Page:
Michelle P Brown on the art of the islands

  • Date recorded: 31 Jan 2018

  • Duration: 01:04:06

'When they come to print Jerome's Latin translation of the Bible made in Bethlehem in the 380s at the Reformation, they find that the Lindisfarne Gospels is one of the two books with the best version of Jerome's text within it – made in little islands off the furthest coast of the known world. And that was where the scholarship was at.'

– Professor Michelle P Brown

About this video

In this video, Michelle P Brown, Professor Emerita of Medieval Manuscript Studies at the School of Advanced Study, University of London, discusses themes from her book Art of the islands: Celtic, Pictish, Anglo-Saxon and Viking visual culture, c. 450–1050, published by the Bodleian Library in 2016.

Michelle demonstrates how Iona, Lindisfarne and other tiny islands on the edge of the known world used their experience of centuries of trade and interaction, their knowledge of the natural world and vestiges of classicism in order to look at science, art, learning and faith for a new age.

These remote scholars created art that, while looking back to prehistoric, Germanic, Celtic, Mediterranean and Near East origins and influences, looked forward from antiquity to the new world of the Middle Ages. Viewed together, the art is a compendium of human history, revealing the intersection of influences and the synthesis of different cultural experiences.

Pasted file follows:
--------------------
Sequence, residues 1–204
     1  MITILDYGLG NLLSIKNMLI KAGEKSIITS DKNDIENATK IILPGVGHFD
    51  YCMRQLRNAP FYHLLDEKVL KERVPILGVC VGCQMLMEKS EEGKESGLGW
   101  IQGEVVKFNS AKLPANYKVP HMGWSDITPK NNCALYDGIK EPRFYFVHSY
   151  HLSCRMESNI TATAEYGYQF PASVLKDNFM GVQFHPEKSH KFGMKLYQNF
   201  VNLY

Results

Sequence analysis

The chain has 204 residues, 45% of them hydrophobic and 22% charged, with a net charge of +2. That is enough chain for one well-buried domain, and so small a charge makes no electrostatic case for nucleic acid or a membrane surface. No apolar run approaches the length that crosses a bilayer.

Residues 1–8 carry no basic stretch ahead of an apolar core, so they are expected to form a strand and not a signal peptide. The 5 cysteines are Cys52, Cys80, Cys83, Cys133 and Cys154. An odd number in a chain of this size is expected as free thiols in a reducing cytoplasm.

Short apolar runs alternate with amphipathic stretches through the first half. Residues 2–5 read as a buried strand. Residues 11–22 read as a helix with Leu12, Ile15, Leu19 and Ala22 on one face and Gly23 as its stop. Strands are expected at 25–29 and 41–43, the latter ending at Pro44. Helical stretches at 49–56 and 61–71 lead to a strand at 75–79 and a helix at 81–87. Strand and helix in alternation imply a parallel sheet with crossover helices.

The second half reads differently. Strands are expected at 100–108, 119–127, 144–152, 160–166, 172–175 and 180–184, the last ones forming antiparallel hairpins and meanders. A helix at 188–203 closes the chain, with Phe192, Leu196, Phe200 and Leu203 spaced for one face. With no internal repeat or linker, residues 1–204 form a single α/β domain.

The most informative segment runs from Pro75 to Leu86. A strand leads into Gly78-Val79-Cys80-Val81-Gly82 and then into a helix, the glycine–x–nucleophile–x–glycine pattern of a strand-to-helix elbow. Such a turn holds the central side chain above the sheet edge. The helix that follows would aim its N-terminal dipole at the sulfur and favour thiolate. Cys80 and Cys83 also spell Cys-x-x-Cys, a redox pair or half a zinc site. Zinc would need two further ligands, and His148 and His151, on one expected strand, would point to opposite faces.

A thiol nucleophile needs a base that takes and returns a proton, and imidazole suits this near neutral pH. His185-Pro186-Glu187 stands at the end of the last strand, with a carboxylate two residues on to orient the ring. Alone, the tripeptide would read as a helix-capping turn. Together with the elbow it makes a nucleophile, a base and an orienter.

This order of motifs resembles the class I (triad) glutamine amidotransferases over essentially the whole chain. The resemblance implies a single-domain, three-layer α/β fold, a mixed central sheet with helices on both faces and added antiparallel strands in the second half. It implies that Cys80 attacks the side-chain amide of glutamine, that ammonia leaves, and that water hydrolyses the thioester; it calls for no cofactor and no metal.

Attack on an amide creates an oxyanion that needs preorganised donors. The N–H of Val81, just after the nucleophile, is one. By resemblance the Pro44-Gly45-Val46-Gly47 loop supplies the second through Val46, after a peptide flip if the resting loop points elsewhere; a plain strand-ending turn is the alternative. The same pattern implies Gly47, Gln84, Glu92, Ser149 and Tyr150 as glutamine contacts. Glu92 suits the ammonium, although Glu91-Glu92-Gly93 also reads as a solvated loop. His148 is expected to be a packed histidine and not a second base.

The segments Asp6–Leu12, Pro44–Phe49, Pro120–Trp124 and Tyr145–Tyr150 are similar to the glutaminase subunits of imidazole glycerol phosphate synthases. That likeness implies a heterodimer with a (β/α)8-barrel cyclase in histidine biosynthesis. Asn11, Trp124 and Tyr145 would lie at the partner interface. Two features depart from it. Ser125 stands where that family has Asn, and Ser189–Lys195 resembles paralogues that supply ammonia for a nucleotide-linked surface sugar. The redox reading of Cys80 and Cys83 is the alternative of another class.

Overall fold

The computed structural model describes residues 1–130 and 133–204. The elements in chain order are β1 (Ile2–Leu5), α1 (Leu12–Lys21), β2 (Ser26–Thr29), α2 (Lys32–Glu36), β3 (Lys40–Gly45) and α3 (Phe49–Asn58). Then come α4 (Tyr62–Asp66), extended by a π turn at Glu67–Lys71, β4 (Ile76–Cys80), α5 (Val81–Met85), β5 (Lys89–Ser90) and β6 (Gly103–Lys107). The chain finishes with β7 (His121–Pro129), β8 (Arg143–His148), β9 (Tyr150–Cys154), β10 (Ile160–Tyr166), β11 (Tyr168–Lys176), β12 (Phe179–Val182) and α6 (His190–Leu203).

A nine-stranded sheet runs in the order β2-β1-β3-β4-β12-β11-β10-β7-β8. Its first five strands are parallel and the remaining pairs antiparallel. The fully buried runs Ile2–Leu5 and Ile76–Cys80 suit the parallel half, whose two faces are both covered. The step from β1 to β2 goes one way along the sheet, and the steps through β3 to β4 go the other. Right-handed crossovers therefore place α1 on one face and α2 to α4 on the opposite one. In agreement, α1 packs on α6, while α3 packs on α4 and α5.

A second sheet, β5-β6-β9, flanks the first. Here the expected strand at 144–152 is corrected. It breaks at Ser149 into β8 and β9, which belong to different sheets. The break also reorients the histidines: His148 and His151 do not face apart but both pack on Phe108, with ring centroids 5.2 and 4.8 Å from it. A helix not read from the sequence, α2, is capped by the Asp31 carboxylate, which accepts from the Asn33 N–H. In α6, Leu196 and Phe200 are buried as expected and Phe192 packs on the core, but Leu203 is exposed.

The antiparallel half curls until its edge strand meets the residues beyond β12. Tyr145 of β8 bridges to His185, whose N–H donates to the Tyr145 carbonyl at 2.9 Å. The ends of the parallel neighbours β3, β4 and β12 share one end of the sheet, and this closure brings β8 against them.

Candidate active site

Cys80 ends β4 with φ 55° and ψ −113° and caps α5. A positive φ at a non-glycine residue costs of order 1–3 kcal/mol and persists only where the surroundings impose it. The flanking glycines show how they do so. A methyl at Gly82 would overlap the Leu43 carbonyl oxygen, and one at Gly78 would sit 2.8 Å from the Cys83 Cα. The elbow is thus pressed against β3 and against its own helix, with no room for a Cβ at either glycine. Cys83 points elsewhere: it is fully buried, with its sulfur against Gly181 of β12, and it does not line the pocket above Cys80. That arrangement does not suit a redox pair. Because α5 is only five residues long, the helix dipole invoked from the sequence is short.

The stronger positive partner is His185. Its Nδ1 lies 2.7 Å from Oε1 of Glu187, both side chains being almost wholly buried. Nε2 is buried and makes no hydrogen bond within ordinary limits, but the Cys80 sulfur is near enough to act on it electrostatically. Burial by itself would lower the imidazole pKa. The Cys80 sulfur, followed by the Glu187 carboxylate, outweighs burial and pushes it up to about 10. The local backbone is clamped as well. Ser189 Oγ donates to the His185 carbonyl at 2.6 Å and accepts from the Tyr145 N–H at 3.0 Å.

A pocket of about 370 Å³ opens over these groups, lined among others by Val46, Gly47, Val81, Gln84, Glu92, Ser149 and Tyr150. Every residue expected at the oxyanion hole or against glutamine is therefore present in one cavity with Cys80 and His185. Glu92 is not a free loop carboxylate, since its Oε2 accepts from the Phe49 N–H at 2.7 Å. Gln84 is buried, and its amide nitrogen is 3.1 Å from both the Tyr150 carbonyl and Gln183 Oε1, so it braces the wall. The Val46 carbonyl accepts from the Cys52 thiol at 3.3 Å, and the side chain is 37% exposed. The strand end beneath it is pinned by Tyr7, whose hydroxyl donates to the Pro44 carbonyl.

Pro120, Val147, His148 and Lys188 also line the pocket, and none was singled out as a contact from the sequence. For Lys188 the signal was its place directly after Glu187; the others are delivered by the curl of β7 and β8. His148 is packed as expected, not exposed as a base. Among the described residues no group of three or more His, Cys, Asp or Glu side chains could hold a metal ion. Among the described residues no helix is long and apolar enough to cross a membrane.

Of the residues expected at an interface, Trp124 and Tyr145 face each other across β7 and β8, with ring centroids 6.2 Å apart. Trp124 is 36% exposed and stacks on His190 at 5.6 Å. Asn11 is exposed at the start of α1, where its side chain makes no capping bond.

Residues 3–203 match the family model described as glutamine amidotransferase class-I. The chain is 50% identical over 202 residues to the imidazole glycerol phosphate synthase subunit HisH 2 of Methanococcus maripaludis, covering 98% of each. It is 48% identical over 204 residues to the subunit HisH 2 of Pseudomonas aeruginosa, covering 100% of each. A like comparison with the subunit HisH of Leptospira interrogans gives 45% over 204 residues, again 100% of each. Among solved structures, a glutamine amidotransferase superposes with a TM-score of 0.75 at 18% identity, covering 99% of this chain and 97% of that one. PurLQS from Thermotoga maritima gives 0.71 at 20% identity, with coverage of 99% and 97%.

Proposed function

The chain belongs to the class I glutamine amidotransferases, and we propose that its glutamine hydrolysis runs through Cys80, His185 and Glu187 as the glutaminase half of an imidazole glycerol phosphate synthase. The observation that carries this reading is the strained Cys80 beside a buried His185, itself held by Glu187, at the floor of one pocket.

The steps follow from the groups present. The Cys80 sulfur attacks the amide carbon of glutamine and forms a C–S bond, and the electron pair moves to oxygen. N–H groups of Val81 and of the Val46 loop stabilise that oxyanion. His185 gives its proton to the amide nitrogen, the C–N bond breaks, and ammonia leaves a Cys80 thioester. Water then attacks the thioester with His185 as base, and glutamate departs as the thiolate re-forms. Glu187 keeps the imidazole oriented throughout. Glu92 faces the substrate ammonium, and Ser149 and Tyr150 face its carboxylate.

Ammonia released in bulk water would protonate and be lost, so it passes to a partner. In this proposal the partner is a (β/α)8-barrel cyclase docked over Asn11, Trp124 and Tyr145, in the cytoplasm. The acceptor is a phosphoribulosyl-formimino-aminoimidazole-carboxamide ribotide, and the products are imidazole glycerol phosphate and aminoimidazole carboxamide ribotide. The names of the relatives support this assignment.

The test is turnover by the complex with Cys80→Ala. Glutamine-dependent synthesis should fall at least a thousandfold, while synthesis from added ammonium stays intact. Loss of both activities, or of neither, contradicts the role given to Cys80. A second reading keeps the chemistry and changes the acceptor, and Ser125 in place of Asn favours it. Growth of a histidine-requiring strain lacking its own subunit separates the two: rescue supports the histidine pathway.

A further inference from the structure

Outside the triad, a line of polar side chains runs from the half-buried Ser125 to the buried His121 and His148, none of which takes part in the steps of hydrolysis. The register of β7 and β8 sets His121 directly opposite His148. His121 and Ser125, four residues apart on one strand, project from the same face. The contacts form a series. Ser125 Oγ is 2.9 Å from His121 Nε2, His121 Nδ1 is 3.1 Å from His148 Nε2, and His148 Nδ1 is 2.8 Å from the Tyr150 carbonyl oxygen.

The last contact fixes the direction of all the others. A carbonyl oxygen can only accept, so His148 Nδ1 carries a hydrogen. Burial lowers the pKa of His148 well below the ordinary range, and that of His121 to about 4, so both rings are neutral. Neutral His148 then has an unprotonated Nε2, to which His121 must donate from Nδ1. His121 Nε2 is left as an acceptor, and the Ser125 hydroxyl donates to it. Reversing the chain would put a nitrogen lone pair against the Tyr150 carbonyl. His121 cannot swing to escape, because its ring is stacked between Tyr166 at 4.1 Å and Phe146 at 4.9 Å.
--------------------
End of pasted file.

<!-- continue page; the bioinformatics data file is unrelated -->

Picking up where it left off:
In her entertaining, erudite and discursive lecture, Michelle discusses such cultural landmarks as the Book of Kells, the Tara Brooch, the Aberlemno Stones, the Lindisfarne Gospels, the Alfred Jewel and the Benedictional of St Ethelwold – proof if any were needed that this was far from being 'the dark ages'.

This lecture was held on 31 January 2018 during the Library's 2018 Melbourne Australasian Rare Books Summer School.


Michelle P Brown FSA is Professor Emerita of Medieval Manuscript Studies at the School of Advanced Study, University of London, and a Visiting Professor at University College London and at Baylor University. She was formerly the Curator of Illuminated Manuscripts at the British Library, and has published, lectured and broadcast widely on medieval cultural history.